Fixing Economic Inequality
The last century has witnessed incredible widespread economic gains. In the United States and across the world, there are fewer people living in poverty. Technological advancements have changed the way we work, communicate, and travel. Economic opportunities—while far from universal—are available to more people than at any previous time in human history. Despite these improvements, many see troubling developments in the modern economy, and few issues seem more disconcerting than steeply rising inequality. For many politicians, pundits, and voters, the answer is obvious: we need to raise taxes on the wealthy to expand redistribution and finance better public services.
But is their diagnosis correct? Is today’s economic inequality as grotesque and morally intolerable as they say it is? And, even more importantly, will their proposed solutions expand economic opportunity for everyone?
Is inequality rising steeply?
In recent years, there has been considerable attention paid to inequality measurements. We have heard troubling statistics about a growing divide between incomes of the top 1 percent and the bottom 99 percent. Similarly, we’ve seen statistics showing increases in wealth inequality. Are the data as dire as they seem?
New research paints a more nuanced picture. In this short post, economist John Taylor summarizes new research by economists David Splinter and Gerald Auten. These scholars find that the share of income going to the top 1 percent hasn’t changed much over the last half century after accounting for taxes, transfer income, and other sources of income that are not captured in official government income statistics. You can learn more about their research in this Hoover Working Group on Economic Policy seminar with David Splinter:
These issues are not new. Economist Lee Ohanian and Kip Hagopian highlight the many flaws in income inequality statistics:
Money income, which is the definition of income typically used in public references to inequality, consists of cash income only, does not subtract taxes, and excludes the value of noncash transfer payments (such as nutritional assistance, Medicare, Medicaid, and public housing), as well as many other components of income. In addition to transfer payments, which are a substantial portion of income at the low end of the income scale, some of the other missing components of income are: employer-provided fringe benefits (primarily retirement benefits and health insurance, which can amount to as much as 30 percent of income), capital gains, imputed rent from owner-occupied housing, and increases in the value of home equity.
These omissions mean official income equality measurements are “relatively meaningless.” Instead, to measure changes in living standards over time, we should look to consumption statistics, which better capture the extent of resources available to households. Ohanian and Hagopian find that the available research indicates that “consumption inequality is not only substantially lower than income inequality but has been declining in recent years.”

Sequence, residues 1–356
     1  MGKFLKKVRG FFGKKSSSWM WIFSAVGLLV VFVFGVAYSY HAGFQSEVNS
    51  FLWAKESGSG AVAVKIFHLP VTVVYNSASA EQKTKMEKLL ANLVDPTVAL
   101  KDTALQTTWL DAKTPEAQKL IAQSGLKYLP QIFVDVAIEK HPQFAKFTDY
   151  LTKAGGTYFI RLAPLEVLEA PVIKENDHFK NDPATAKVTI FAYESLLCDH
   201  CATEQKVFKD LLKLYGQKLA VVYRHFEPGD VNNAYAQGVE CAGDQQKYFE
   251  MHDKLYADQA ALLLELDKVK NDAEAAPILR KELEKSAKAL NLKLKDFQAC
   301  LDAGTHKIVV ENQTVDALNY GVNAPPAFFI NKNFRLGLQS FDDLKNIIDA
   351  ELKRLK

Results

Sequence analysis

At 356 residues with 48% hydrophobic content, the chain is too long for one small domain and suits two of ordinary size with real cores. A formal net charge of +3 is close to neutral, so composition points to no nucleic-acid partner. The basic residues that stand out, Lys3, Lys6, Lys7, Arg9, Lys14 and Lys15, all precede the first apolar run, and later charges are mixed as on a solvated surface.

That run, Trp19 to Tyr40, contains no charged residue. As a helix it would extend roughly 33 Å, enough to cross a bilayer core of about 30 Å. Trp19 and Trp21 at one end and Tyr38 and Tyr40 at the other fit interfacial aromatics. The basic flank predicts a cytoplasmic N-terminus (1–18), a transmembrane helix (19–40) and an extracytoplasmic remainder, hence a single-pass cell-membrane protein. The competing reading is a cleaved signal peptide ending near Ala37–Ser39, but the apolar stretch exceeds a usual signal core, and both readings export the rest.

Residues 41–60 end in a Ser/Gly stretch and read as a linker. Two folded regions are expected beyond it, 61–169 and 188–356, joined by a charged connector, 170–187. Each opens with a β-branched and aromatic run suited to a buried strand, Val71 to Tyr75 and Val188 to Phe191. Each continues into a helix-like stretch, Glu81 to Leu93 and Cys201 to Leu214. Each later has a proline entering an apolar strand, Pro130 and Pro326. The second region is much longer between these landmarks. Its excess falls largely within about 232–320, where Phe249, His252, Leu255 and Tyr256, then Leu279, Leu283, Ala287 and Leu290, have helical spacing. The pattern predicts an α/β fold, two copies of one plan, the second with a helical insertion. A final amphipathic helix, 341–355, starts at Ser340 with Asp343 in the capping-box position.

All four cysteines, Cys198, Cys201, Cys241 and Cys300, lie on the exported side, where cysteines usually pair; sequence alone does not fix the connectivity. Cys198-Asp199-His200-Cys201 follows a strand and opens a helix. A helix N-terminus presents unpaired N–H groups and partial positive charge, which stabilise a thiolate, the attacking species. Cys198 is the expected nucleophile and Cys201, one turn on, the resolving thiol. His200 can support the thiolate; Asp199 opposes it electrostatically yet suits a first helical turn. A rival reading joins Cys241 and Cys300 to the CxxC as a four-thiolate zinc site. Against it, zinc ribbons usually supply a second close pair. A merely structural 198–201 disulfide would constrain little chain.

Will the proposed economic reforms help?
Inequality—even if it hasn’t grown the way we thought—may still demand action. But what should we do? A commonly suggested answer is to increase redistribution by raising taxes to finance more generous transfer programs. Just this year, several prominent US politicians proposed raising top income tax rates, taxing investment income more, and introducing new wealth taxes. The revenue from these tax hikes would go to fund new or expanded entitlement programs. The hope is that these policies will improve economic fairness and expand opportunities for more Americans.
But these hopes are unlikely to be realized. In their contribution to the Hoover Institution’s Human Prosperity Project, economist Josh Rauh and Greg Kearney consider proposals to raise tax rates on the rich. They note that most economic studies find high-income tax filers are particularly responsive to changes in their tax rates. That means that higher rates lead to significantly more tax avoidance, either through the hiring of clever accountants or by making different economic choices. For example, they point to evidence that shows tax rates affect where “star scientists” and other high-skilled workers choose to work. The result is that high tax rates discourage the productive behavior that is key to maximizing future economic opportunities for everyone. You can learn more about why tax rates matter in this video:
Would wealth taxes be any better? Rauh and Kearney find that countries that have experimented with wealth taxes rarely keep them. These countries discovered that their wealth taxes raised little additional revenue while harming their economies. Taxpayers adopted tax-avoidance strategies, moved their wealth to other countries, or otherwise changed their economic behavior. In an analysis of wealth taxes, economist John Cochrane summarizes why these taxes fail: